Some journeys take you forward along the path of life, while others take you back, helping to form a different and better version of yourself, now somehow forever changed. The three days in Atlanta, whether reading my poem or just spending time with my mom and cousin Linda, did both: moving me forward, while at the same time circling me back upon myself. The experience helped blunt the edges of some painful memories, overlaying them with better ones. Continue reading
Death was no stranger to me in childhood. It’s a simple truth, yet so much more lurks behind it. Attending my Great-Aunt Francie’s funeral is one of my earliest memories, and I’m pretty sure I went to about a funeral a year through high school, with Grandpa Phil dying my sophomore year and Grandma Esther my junior. By the time I met Doug, in the summer before senior year, I had no living grandparents. I dreaded funerals and took no comfort in the Mourner’s Kaddish, which I’d learned by heart when I was far, far too young. Continue reading
Unless you know
what it is to look
at black & white proof
at lambs led to slaughter
at herds of the lost
at ghosts of a people
And know they were yours
And know they are you Continue reading
I’m willing to bet that most of you knew Hanukkah was over, even if you couldn’t pinpoint the exact day that it ended “sometime last week.” However, if you’re slightly confused because, although you don’t celebrate the Festival of Lights, you’re still seeing lit-up menorahs (or more accurately, Hanukkiahs) in your everyday travels, I couldn’t blame you. But I do blame the people who have not taken those menorahs down. Or, at the very least, turned them off. Continue reading
What Judaism, and specifically my Judaism, means to me has been something I’ve grappled with my entire life. I think it’s harder because Judaism isn’t just a religion, it’s a culture and heritage too. You’re never just from a country as other people would define their heritage—i.e., I’m Polish. No, for us, it’s always more specific—”my grandparents were Polish Jews”—because being Polish and descending from Jews who lived in Poland are not nearly the same thing. So many Jews living in the U.S. today share this duality and I think it makes it harder to figure out for ourselves what an “observant Jew” looks or acts like. Continue reading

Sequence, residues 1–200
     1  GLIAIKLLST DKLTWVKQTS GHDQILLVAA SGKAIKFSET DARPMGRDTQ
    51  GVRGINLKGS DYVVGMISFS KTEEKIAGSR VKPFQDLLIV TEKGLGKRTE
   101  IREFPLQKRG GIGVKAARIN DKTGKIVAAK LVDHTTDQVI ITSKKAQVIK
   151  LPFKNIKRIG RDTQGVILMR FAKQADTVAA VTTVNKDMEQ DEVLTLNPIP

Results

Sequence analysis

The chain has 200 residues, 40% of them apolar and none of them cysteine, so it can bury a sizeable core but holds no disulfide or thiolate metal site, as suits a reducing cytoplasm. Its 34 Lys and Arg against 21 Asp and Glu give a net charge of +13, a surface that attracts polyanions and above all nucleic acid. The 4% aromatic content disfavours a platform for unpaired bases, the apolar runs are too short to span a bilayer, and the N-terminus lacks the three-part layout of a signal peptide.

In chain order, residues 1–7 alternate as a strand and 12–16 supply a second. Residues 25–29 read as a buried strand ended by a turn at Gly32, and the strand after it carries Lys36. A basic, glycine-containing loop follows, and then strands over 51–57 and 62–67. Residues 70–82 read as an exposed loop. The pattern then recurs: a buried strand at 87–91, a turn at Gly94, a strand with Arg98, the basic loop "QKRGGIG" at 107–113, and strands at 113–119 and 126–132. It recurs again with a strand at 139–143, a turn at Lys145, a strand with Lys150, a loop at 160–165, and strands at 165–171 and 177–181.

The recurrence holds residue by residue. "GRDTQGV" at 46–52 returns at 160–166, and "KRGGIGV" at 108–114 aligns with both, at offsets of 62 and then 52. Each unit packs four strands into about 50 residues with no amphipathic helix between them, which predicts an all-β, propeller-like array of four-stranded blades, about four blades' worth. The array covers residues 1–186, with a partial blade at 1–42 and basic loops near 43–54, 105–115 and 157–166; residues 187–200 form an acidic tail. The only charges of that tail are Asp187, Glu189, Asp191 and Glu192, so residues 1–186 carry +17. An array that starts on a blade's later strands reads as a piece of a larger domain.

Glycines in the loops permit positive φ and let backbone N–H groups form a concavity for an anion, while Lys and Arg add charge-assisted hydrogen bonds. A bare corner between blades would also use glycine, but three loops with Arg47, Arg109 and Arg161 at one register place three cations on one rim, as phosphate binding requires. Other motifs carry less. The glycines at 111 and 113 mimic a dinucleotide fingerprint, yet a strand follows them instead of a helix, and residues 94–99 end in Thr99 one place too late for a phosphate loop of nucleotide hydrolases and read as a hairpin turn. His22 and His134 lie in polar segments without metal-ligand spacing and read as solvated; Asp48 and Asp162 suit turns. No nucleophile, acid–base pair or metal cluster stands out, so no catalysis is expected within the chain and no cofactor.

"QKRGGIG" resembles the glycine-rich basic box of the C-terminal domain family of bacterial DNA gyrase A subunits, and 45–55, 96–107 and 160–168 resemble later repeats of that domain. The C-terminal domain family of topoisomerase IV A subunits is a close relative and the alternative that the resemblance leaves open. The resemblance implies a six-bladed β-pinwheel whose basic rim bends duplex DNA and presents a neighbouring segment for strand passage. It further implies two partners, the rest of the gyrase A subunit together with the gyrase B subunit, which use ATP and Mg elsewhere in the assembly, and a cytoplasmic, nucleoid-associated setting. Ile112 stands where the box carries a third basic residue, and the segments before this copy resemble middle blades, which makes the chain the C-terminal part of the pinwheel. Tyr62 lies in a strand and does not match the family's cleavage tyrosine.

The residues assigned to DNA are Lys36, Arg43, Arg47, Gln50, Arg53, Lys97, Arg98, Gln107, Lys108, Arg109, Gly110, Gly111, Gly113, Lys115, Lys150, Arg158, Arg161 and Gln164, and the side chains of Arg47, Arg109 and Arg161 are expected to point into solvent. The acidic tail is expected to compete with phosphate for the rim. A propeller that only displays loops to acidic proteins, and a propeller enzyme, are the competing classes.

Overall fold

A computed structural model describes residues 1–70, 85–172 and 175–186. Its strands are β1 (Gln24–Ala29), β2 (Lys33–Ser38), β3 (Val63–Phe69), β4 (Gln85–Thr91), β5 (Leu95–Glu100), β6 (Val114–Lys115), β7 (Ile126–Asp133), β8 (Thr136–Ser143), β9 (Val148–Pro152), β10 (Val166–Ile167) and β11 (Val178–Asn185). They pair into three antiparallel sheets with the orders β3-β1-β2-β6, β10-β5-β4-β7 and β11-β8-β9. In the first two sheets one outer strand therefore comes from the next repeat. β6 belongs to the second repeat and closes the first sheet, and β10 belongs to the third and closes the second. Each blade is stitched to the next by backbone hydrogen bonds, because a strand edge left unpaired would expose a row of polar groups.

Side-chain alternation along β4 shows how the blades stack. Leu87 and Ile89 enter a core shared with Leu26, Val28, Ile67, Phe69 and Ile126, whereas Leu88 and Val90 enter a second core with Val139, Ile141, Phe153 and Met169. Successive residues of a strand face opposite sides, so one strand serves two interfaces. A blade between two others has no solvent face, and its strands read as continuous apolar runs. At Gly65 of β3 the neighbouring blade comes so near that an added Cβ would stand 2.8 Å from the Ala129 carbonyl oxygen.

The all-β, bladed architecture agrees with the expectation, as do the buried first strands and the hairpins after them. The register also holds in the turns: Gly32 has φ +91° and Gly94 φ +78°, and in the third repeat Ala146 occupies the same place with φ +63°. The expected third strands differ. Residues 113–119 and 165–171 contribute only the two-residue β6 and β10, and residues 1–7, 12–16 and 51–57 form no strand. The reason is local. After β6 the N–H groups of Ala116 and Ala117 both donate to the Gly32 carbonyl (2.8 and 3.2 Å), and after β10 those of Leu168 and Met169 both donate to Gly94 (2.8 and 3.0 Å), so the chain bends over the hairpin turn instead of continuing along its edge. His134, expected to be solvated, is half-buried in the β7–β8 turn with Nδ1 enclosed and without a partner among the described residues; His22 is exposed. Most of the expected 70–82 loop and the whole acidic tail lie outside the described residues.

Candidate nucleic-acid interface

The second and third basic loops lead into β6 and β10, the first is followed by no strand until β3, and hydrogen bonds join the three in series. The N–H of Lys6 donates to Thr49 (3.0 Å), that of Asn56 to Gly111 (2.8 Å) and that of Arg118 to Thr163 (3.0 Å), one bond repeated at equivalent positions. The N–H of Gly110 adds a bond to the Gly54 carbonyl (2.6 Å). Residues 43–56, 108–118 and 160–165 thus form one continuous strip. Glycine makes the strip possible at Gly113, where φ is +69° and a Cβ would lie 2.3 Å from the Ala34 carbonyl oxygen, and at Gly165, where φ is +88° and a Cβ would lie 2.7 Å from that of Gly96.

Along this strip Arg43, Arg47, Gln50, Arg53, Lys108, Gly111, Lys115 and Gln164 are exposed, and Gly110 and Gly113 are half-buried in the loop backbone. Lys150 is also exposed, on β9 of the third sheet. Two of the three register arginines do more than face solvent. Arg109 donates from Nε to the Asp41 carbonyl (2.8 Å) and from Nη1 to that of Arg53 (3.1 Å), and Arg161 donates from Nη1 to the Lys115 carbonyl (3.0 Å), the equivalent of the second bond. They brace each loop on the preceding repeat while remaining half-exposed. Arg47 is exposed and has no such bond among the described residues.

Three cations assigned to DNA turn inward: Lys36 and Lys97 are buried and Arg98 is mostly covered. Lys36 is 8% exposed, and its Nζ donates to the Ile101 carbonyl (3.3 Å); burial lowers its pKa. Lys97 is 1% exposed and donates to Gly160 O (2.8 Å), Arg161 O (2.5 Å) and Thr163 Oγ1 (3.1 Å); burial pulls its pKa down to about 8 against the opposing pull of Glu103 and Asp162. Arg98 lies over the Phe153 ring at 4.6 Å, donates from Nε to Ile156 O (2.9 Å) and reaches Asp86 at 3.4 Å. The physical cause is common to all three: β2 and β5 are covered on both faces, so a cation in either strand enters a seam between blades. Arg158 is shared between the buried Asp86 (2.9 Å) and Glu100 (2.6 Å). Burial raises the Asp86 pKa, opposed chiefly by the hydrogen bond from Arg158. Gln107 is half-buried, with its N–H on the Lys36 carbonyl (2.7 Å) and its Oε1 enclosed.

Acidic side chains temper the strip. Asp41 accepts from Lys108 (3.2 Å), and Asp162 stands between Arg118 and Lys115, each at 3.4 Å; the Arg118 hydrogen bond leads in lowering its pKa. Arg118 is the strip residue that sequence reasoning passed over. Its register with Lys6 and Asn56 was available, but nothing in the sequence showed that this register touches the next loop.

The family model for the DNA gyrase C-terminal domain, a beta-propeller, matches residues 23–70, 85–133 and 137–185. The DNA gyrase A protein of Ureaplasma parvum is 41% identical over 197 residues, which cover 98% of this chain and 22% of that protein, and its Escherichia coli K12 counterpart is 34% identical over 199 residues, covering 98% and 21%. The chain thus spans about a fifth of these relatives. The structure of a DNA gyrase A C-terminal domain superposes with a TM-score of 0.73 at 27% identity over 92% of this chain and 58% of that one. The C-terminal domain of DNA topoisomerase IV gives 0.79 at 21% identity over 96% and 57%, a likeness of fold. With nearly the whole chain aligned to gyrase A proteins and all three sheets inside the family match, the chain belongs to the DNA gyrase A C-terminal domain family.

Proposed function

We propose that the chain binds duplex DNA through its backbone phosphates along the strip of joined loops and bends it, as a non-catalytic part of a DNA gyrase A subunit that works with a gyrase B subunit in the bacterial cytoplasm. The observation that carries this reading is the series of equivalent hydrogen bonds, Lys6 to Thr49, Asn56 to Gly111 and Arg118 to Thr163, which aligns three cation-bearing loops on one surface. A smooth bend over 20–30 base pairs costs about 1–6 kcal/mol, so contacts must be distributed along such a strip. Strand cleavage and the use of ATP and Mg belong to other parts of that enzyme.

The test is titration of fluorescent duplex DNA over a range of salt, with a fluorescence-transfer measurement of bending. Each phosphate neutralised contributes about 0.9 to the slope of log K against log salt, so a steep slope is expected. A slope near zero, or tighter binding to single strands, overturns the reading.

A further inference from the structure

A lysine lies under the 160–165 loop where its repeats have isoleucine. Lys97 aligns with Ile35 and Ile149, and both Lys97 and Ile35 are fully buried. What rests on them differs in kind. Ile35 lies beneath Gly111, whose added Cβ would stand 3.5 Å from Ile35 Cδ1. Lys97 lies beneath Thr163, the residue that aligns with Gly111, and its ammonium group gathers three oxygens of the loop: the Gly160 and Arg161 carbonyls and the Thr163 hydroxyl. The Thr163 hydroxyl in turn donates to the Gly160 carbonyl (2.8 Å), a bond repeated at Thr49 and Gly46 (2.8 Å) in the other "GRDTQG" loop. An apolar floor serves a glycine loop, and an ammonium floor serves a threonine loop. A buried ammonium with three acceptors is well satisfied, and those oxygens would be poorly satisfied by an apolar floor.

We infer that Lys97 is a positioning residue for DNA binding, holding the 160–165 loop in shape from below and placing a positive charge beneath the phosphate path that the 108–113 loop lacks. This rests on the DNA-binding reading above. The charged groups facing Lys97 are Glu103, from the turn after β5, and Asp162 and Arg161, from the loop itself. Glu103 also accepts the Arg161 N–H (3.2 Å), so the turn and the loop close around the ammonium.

It’s easy to dismiss so much that’s inexplicable in this world if you refuse to acknowledge that something has actually happened or that you even saw it. Those of you who know me know that I’m one of the least gullible, most grounded people around. But yet… There’s so much in this world that’s extraordinary, so why shut our eyes to it?
I’d love to tell you definitively that I don’t believe in things like ghosts and spirits and strange phenomena because I don’t want to be perceived as one of “those” people. But yet… How else can you explain this?
Wow! Tuesdays’s post (See “In Case You Didn’t Know: I’m Jewish“) led to some interesting and thought-provoking conversations, via email, text, Facebook DM, and in person. My mind is still processing it all. I didn’t realize when I was writing it what an incredibly personal thing it would turn out to be and hitting “Publish” was hard. After all, with a nod to Billy Joel, I only reveal what I want you to see, and this blog is the most personal public place I have. Typically, only a handful of people read it, but sometimes it goes places and distances I never imagined. So, I took a deep breath, hit “publish” and then left. I took the dog and went on a walk and didn’t know what reactions I’d find upon my return.
I’m Jewish. That shouldn’t come as any big surprise to anybody that knows me, or reads my blog. But sometimes I just feel the need to say it–to make sure that there are no misunderstandings on either side of the aisle. After all, my last name is Scottish and so you might be fooled.
It’s my husband’s family that carries the Scottish heritage, but I’ve embraced it, having always been a fan of the country. Now that I’ve been there multiple times, it’s actually become one of my favorite places on earth. So there’s haggis – my Scottish side, and challa – my Jewish side. (Challa is actually a nod to “Rachallah” – my Yiddish name used by my father as a term of endearment my entire life, and later adopted by my husband. It is not the bread.)
Back to the fact that I’m Jewish. Continue reading
There’s a blessing in forgetting. It’s a strange thought to express on this day of all days, when we change our Facebook profile images to ones of patriotism and use the hashtag NeverForget on Twitter, but bear with me. Continue reading